Will he leave his church at the court’s door?
KARL Marx said that religion is the opium of the masses. September 5 was the bluest Monday we have had in postapartheid South Africa.
The appointment of Mogoeng Mogoeng signals the interpretation of religion has the potential to be the opium of our justice system.
We naively believed the majority on the Judicial Service Commission would not vote in his favour and senior members of the ANC might break their silence on his potential appointment.
We believed that the ANC would realise South Africa’s chief justice could not be a person whose philosophy fundamentally contradicts core values of the party and the constitution, regarding homophobia and gender equity.
Our argument has nothing to do with experience. Nelson Mandela had no experience of government; nor did Thabo Mbeki. And that applies to many leading our country and its institutions.
We believe he has the necessary experience to be appointed. However, his interview for the post revealed an ideology that is problematic for our democracy.
Psychologically, we were uncomfortable at the line of questioning about his temper. One of us felt that the question put to him about his temper was patronising and as a psychologist understood his outburst and accepted his apology. And we agree too many white male counsel are being briefed, and that needs to change. So, on a number of issues, we have no problem with his views.
We have issues, as Cosatu has pointed out, about his role in the Bophuthatswana government, but then we have worked with many individuals who, posthomelands and after holding conservative political spaces, have made a meaningful contribution to this country. So, even on that score, we will give him the benefit of the doubt.
However, we wonder how he can use the same biblical text (Romans 13) that was used by the apartheid government to justify the view that citizens have to obey the government because it has been installed by God and we have no doubt he means the Christian God.
He has let the nation and the world know that he has been instructed by the Bible to do and think the way he does. One of us, an atheist with a PhD in psychology and another with a PhD in theology have both been left wondering how to make sense of his arguments, which are psychologically and theologically flawed.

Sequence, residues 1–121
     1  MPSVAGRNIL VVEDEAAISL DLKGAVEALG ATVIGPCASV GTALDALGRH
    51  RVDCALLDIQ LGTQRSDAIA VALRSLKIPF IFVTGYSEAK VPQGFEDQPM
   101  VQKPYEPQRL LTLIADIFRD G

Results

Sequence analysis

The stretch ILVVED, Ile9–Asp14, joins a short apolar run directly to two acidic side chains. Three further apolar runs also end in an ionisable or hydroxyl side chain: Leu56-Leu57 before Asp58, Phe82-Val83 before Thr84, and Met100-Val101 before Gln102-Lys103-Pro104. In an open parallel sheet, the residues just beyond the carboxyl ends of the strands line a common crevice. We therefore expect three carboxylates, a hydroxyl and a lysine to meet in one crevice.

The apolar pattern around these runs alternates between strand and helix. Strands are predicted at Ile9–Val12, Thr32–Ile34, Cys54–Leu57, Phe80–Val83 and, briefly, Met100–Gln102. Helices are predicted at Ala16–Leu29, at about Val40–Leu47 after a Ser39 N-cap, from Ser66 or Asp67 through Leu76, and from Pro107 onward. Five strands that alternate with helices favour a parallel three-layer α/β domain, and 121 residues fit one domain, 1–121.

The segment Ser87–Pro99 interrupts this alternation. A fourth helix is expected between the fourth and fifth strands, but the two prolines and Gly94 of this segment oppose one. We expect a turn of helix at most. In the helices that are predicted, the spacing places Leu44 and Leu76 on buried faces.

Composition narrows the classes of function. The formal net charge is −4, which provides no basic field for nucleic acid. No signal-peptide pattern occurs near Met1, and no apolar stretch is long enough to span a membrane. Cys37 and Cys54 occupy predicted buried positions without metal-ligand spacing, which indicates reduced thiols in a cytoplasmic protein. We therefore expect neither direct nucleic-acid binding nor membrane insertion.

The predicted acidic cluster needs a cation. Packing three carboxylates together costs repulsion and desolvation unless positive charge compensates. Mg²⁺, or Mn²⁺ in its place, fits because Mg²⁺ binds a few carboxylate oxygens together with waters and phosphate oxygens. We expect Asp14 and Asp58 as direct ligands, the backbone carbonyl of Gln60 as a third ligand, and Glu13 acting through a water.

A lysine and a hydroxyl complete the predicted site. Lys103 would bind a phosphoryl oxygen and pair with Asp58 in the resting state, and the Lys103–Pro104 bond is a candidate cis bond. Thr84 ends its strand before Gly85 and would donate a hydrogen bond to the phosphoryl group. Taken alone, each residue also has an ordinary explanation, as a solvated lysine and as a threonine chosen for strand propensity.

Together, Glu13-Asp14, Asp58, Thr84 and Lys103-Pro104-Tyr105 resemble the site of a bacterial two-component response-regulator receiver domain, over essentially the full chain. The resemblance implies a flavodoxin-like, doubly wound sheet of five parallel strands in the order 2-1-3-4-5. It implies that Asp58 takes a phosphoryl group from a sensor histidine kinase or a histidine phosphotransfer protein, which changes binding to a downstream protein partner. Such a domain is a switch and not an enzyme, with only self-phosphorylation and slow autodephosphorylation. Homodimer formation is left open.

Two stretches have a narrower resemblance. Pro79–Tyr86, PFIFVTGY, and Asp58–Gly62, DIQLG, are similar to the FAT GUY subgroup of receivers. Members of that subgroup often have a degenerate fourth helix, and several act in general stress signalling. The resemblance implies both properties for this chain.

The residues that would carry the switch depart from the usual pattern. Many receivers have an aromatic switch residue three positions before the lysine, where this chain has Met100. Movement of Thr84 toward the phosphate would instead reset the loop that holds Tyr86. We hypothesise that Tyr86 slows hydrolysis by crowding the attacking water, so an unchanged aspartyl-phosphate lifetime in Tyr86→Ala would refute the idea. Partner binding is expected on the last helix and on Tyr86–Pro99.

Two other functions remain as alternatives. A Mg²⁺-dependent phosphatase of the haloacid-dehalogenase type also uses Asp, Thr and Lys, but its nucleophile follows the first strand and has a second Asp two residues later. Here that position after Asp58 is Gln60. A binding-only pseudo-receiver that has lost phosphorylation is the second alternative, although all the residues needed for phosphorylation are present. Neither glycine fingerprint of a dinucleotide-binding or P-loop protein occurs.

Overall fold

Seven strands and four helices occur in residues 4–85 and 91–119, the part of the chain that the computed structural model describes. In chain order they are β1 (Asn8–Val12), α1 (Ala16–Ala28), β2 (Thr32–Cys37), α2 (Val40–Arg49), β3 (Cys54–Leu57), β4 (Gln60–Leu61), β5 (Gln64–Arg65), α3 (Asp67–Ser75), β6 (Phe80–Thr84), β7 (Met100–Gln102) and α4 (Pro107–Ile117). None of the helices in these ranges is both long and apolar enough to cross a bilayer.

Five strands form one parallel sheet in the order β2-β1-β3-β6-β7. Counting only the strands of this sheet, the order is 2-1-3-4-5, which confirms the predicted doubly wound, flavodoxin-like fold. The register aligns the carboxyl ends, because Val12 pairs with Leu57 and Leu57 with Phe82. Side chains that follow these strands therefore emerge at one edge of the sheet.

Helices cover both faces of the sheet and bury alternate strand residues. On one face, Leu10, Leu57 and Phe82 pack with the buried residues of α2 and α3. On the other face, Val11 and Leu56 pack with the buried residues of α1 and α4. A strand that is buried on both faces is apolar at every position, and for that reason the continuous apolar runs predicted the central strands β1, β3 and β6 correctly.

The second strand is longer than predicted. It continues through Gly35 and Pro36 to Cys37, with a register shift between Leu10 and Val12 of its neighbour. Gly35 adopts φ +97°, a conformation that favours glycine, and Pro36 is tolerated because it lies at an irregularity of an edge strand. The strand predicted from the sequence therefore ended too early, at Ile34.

Mogoeng’s ideology is a problem, but equally worrying is that he represents a large number of South Africans of all colours, genders and political backgrounds who in their daily jobs have to be sensitive to gay and lesbian “issues” but on Sundays engage in practices that are homophobic and not in the spirit of the constitution.
So, on a Sunday morning he or individuals with his view will be counselling and trying to “rehabilitate” people who identify as gay and lesbian.
Mogoeng argues that God wants men to marry women and it is not homosexuality that he and his church are against – they are counselling men and women to become heterosexual so that they can partake in “God ordained” heterosexual marriages.
We know his views on the consequences of rape and imagine what his views are on the termination of pregnancy, which is another right women in this country, with ANC support, have fought for.
Are we saying that one needs to have no religious values or beliefs when one is a member of the judiciary?
Of course not, but when such beliefs are at odds with the values of the constitution they need to be interrogated and transformed.
Justice Mogoeng has chosen a particular type of religion to follow – which is not in line with the religion that helped usher in freedom to this country. It is a type that enslaves.
Unfortunately, the radical justice principles espoused by liberation theologians such as Desmond Tutu and Allan Boesak during the apartheid era have been replaced by “leave your brain at the door of the church or place of worship” principles in contemporary South Africa. The principle is foundational to many of the mega-churches that stress a reliance on the spirit and condemn rationality and intellectualism.
Many of these churches supported apartheid and condemned Boesak and Tutu as heretics. Such religious adherents often assert “the Bible says it, I believe it and that settles it”.
Judging by his allegiance to such a church and his flawed arguments on gender justice, it might be safe to conclude that Justice Mogoeng may leave his brain and aspects of the constitution at the door when he goes to church, but he may not leave his church at the door when he sits on the Bench.
For us, it is not only about him leaving his conservative views at the door of the court. What is worrying is that he has these views.
His “biblically inspired” views on homosexuality and the psychological consequences of rape represent the views of many “God-fearing” South Africans.
These views and the behaviour that accompanies them have been tacitly reinforced by a public figure who thinks “just like them”.
As African-American writer Verna Dozier says: “The question to ask is not what you believe, but what difference it makes that you believe?” Ideology has consequences.
Cheryl Potgieter is dean of research and a professor in Psychology at UKZN. Sarojini Nadar is associate professor in and director of the Gender and Religion Programme at UKZN. They recently published articles for an academic journal on the rise of conservative religion and patriarchy in South Africa.